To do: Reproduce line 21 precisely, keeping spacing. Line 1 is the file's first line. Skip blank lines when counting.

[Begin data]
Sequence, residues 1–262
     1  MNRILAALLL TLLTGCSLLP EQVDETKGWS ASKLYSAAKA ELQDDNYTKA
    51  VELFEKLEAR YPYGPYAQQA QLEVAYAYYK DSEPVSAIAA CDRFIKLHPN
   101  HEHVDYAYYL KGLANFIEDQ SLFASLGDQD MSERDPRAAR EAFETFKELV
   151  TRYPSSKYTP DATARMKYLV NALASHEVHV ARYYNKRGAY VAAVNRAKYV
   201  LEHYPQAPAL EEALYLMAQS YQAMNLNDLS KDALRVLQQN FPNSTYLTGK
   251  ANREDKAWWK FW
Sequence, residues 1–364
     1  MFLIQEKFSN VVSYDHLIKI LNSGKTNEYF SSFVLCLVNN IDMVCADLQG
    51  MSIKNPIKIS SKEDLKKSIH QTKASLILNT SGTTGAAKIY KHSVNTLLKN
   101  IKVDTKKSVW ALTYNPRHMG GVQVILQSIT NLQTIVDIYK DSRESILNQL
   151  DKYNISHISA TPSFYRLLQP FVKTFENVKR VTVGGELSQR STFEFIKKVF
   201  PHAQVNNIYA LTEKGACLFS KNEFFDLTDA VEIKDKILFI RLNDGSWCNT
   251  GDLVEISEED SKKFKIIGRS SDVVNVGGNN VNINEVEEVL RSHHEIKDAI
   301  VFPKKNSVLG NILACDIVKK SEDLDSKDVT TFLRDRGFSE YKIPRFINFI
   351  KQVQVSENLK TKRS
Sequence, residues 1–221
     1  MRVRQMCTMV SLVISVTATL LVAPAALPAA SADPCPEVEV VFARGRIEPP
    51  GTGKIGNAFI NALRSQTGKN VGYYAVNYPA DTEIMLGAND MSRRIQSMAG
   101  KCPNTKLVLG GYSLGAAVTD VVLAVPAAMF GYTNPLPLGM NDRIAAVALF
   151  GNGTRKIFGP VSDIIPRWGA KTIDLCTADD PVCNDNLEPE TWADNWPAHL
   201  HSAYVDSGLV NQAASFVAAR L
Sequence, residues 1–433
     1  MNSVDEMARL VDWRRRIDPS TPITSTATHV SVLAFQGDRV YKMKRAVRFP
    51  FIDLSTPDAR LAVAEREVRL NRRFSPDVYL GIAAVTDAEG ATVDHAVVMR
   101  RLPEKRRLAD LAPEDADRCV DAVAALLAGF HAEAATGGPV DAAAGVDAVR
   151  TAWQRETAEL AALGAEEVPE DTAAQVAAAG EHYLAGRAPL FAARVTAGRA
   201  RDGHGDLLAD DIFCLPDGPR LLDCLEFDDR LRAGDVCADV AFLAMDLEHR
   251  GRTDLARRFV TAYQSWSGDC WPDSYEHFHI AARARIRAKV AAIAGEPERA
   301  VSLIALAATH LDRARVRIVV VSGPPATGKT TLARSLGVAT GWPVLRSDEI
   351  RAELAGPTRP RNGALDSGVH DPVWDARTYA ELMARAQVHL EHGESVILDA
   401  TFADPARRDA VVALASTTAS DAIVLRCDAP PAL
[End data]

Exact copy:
   151  GNGTRKIFGP VSDIIPRWGA KTIDLCTADD PVCNDNLEPE TWADNWPAHL